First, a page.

It is not surprising to anyone who has the slightest knowledge of twentieth century that there shouldbe mass-graves in Russia (and other ex-Soviet republics) that date back to the Bolshevik days. But each one is like a piece of a jig-saw puzzle. Therefore the uncovery of six mass graves with the remains of over eighty bodies clearly from the very early Soviet period is interesting but not surprising. Many people were executed summarily in those years and it is next to impossible to identify the particular victims in these graves.
One would prefer to see less slip-shod writing in the Daily Telegraph but that is past hoping for. The Red Terror (why the quotation marks in the article - is it something anyone has any doubts about?) did not start after the Russian Civil War but immediately after the Bolshevik coup in November 1917. It continued throughout the Civil War and outlasted the latter.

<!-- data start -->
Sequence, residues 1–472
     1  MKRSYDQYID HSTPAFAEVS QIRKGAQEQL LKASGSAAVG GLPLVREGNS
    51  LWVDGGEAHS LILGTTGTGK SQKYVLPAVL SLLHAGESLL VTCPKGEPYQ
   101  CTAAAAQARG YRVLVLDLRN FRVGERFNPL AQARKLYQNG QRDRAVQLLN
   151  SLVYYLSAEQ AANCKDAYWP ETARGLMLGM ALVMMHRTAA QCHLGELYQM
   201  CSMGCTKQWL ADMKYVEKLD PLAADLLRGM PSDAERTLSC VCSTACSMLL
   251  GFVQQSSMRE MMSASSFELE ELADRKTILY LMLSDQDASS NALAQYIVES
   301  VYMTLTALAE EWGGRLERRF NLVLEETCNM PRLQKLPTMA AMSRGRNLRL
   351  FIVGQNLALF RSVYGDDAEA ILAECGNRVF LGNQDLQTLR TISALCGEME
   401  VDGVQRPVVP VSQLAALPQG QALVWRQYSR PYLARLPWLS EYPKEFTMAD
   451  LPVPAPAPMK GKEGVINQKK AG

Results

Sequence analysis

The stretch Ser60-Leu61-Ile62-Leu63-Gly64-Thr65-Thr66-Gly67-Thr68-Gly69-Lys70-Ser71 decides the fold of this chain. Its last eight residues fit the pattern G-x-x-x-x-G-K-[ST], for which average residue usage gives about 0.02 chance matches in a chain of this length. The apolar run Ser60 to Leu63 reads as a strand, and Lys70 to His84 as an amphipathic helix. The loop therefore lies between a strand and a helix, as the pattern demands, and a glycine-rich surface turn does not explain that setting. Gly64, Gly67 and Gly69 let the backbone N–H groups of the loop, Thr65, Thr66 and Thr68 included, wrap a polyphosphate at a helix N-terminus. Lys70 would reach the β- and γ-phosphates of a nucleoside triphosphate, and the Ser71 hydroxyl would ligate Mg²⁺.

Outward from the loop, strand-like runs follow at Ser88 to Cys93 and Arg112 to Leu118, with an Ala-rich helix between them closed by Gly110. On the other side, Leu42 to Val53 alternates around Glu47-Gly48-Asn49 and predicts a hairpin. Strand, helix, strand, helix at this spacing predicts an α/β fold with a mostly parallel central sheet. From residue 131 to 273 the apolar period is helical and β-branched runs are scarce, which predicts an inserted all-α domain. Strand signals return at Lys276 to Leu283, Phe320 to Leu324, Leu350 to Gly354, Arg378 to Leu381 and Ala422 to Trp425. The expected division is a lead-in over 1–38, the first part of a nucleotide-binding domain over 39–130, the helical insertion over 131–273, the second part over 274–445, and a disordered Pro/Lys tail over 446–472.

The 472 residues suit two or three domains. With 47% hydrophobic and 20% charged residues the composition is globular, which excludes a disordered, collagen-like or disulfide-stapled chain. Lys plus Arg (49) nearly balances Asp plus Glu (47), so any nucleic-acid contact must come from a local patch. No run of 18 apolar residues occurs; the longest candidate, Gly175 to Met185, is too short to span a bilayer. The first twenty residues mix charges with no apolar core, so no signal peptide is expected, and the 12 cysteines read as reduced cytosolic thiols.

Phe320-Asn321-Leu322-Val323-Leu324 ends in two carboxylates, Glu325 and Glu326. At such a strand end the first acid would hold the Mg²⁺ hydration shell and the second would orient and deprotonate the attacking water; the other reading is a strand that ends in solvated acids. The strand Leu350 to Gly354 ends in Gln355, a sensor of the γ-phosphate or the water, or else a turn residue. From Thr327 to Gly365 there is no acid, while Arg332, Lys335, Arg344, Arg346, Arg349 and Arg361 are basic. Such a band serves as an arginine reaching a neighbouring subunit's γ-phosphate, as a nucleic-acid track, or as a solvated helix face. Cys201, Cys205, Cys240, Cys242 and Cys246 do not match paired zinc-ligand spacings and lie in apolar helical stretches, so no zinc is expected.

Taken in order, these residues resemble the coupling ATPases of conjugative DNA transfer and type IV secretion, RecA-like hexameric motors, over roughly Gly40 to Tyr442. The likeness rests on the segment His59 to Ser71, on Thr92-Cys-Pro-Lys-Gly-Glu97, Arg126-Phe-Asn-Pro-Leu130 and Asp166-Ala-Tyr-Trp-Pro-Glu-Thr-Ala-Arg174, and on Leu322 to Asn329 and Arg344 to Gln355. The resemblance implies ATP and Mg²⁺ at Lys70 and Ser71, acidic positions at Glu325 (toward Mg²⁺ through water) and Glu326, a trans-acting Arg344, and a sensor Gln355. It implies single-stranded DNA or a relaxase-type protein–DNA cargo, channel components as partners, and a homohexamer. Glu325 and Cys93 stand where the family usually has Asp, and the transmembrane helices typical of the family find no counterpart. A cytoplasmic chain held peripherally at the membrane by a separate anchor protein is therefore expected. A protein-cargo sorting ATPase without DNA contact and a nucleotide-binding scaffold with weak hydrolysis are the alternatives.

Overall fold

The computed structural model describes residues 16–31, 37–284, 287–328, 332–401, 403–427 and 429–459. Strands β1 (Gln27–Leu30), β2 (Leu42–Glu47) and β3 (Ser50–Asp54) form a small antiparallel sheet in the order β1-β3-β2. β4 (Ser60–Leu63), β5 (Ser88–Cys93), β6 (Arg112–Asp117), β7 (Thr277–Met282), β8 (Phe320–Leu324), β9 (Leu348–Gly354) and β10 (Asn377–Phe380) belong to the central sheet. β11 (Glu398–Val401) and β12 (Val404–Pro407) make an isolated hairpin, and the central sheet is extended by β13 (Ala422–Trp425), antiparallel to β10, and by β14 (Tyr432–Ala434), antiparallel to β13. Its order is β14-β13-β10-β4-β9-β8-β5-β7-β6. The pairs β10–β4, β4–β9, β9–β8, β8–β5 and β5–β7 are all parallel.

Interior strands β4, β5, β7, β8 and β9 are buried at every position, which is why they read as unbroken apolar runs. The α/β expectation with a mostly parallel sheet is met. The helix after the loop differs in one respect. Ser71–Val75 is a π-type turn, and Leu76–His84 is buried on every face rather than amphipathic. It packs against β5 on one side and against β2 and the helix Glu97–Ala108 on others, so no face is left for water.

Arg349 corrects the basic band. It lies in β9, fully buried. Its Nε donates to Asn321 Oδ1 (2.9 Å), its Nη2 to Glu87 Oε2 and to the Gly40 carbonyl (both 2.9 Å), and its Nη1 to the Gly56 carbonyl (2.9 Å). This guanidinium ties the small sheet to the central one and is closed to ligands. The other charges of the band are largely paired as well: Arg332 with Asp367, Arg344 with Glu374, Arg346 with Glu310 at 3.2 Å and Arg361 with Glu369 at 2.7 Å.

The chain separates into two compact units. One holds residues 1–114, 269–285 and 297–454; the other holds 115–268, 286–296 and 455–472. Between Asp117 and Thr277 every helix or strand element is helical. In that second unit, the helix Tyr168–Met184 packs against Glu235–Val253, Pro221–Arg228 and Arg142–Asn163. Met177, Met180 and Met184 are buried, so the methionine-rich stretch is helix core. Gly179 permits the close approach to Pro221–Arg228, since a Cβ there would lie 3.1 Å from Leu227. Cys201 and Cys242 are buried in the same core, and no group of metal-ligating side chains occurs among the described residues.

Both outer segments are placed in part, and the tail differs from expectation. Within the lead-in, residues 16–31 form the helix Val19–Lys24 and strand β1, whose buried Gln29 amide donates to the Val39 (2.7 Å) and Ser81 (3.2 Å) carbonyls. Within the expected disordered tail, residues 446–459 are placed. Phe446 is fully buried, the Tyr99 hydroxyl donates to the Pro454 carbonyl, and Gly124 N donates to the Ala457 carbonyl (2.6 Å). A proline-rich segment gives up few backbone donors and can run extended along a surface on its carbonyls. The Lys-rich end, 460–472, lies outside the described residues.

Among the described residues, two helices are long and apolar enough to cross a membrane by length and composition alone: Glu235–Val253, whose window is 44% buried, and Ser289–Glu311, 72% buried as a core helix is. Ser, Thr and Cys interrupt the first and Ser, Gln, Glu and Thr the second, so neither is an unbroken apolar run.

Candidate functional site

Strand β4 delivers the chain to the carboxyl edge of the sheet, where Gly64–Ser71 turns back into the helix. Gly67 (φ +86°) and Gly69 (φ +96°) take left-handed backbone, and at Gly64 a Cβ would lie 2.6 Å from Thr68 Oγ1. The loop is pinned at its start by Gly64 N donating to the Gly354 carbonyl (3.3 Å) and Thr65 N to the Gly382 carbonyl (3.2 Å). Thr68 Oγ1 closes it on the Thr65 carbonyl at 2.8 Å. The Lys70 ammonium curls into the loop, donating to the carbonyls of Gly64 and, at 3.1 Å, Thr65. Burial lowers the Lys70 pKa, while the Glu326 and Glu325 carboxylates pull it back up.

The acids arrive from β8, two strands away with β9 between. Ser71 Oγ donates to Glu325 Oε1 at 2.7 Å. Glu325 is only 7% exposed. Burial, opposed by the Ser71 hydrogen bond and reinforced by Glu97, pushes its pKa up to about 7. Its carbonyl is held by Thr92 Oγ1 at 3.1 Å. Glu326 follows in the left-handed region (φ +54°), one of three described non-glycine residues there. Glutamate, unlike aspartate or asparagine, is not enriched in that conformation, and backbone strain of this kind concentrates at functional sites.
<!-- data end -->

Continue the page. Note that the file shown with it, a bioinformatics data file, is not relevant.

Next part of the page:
Nor is it exactly true that the Romanov family is buried in the Cathedral. The Tsars from Peter I to Alexander III (with the exception of Peter II) are buried there together with their spouses. Even Mariya Feodorovna, Alexander III's widow, has now been re-buried there. Other members of the family are buried in a separater mausoleum. This, however, is a detail though easily verified.
It is true that the fortress has been a museum for many decades and, together with the sandy beach under it, is a popular tourist destination. It seems entirely reasonable that the mass graves should now become part of the museum. They could become very popular with people who might like to know a little more about their country's history.